Working from home is great when it works – you can wear what you want and pretty much do what you want. But there are also bad days when the interruptions and distractions keep getting in the way of getting much done.
Here are some ways I’ve made working from home work after 15 years of sharing an office space with the people I share my life with.
I created a dedicated workspace
When our children got a bit older and no longer shared a room, I lost my office space to a second bedroom. I desperately needed a space with a door that I could close, so I dedicated a corner in our main bedroom to my office space. It doesn’t sound ideal, but it’s working.
I invested in a smaller, matching desk and shelf (in an unobtrusive white colour) and purchased a stash of beautiful, inexpensive decorative boxes to keep most of the clutter hidden away.
I treat the space as one of my favourite spaces in the home, not just a paperwork dumping ground. Occasionally there’s a small vase of fresh flowers on my desk and the decorative boxes also make it feel like a pretty, ordered place that I want to spend time in.
A sign on my bedroom door reads “Meditation in progress”. This keeps people out, even when I’m not meditating. Failing that, I lock the door.
My next step to is to build a She Shed in a corner of the garden.
I discovered the positive, productive power of Flow
The real advantage of working from home and working for yourself, is the opportunity you have to find your own optimum way of working and become your most productive self. When you act on inspiration and desire, you become powerfully productive and this is the premise of what “flow” is all about.
It’s anything but taking a back seat. Rather, it’s following where the ease is so that you can get more done, more effortlessly.
I use tools from the Flow Experience and connect with community members on the Flow Facebook group when I find myself resisting and stressing (very unproductive). The tools and the feedback help me shift and get back into flow (effortlessly productive).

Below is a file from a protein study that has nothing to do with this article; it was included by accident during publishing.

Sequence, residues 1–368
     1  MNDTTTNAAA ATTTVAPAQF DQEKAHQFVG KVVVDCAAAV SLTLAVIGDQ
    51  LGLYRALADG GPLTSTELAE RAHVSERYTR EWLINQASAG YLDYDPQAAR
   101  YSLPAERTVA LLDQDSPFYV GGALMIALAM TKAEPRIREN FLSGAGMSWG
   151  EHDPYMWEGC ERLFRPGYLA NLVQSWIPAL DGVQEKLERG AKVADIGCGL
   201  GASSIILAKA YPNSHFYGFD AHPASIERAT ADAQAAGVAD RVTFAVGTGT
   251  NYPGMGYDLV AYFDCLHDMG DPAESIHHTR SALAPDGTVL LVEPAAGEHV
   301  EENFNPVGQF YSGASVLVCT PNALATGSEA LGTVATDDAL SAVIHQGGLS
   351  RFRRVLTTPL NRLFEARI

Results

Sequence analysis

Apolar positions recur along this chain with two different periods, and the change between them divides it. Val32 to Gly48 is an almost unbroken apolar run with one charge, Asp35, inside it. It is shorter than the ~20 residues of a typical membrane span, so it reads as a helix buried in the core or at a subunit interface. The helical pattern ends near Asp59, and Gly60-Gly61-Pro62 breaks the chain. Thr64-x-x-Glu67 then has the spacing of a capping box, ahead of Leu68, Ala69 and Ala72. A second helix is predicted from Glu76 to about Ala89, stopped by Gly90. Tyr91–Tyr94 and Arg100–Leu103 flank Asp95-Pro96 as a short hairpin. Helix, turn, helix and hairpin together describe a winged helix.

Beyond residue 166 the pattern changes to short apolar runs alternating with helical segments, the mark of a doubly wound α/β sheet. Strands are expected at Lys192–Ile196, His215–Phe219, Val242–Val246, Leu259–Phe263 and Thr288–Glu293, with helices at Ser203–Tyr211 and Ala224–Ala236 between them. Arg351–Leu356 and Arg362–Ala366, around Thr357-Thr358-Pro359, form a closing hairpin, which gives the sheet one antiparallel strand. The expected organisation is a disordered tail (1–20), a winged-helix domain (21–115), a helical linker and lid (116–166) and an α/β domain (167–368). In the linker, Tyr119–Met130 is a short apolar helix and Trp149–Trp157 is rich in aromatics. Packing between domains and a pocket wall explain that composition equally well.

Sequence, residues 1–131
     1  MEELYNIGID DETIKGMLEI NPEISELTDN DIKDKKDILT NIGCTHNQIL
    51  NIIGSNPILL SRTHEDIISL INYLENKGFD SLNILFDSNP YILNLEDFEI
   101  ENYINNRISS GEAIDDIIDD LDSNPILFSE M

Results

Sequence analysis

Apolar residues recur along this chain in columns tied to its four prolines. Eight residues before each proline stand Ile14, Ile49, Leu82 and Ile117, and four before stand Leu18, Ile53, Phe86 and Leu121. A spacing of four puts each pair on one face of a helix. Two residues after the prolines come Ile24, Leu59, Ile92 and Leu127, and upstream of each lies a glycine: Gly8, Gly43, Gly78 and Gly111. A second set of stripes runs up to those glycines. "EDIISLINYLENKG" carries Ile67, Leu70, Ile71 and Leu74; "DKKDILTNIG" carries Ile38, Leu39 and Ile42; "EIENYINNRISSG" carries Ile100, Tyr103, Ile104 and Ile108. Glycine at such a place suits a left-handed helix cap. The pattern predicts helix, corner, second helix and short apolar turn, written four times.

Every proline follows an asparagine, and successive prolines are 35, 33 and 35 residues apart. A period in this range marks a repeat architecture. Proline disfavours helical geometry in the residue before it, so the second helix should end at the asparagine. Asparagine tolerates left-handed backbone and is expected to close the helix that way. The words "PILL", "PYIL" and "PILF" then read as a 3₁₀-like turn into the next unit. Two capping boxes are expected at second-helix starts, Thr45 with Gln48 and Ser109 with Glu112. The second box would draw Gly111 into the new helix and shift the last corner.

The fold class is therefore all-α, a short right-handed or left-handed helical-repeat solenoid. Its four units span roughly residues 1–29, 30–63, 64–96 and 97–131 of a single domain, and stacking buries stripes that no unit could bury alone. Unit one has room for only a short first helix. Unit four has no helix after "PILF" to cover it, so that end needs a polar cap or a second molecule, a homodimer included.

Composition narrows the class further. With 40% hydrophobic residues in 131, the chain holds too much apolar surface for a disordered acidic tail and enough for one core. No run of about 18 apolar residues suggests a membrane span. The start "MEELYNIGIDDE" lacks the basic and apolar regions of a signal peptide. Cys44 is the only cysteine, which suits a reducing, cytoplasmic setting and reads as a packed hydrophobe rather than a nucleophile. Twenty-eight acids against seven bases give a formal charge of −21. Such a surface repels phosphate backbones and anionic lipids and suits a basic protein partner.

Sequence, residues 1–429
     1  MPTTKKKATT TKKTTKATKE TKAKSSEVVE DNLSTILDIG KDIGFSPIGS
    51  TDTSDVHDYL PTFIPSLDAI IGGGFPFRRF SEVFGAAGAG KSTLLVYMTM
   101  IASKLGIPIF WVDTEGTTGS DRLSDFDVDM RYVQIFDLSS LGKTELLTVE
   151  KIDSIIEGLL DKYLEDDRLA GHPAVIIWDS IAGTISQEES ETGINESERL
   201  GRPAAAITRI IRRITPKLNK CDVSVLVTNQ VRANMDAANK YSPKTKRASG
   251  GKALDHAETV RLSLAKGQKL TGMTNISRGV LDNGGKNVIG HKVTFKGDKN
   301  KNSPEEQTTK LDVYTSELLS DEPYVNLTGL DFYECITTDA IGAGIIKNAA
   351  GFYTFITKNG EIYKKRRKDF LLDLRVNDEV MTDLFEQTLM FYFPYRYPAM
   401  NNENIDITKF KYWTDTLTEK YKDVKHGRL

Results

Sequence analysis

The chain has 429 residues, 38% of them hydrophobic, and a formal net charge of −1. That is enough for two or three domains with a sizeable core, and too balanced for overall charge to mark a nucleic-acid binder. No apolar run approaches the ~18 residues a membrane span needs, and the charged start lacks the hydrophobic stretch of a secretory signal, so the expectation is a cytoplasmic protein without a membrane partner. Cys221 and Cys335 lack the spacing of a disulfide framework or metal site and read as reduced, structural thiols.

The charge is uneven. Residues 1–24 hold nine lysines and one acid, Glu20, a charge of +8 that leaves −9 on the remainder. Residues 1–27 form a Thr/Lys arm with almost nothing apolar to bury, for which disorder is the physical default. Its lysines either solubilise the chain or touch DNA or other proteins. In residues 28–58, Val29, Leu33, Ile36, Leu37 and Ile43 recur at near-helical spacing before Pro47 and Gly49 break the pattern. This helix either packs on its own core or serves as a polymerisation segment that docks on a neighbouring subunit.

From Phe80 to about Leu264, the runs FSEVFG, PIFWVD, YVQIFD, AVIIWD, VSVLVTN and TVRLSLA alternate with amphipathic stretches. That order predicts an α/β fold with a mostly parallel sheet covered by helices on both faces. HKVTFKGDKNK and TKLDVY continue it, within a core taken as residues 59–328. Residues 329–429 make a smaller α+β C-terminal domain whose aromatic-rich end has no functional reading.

There’s a science behind it too. In Shawn Achor’s TED talk on ‘The happy secret to better work’ he says if we can find a way of becoming positive in the present, we can benefit from the dopamine that floods our brains. Dopamine helps our brains work even more successfully, meaning we can work harder, faster and more intelligently.
I learnt to get out
There are those days I feel madly distracted and restless, and nothing helps. What I’ve learnt is that this is a symptom of the isolation that comes with working for yourself. It’s a sign that you need to connect with the world and other people.
There are many simple and pleasant ways to do this. You can work at a coffee shop or library for a few hours, go do some errands or phone a friend. There are also lots of free talks you can attend. Try business schools like Wits Business School and the Graduate School of Business, or sign up for the Creative Mornings talks in your city.
I stopped giving away my best time
I am usually most productive in the morning, from about 8am to 2pm. I’ve learnt that this is time is like gold. But I was giving it away – meeting friends for a ‘quick’ coffee, doing errands, and agreeing to meetings during this time that could just as well have been scheduled later.
One other thing that I’ve learnt not to compromise on is getting exercise at least three days of the week. I’ve made this easier for myself by cancelling my gym contract and investing in a pair of properly fitted running shoes. I also downloaded an app called Couch to 5K which has helped me gently build up my running fitness and get into a running routine.
Take out: Make working from home work by creating a dedicated workspace that feels good to work in, adapting to a flow mentality that helps you find the ease so you can be more productive, leaving your workspace when you feel restless, and not allowing friends or errands to interfere with your gold productive time.
Author: Nicky Grandin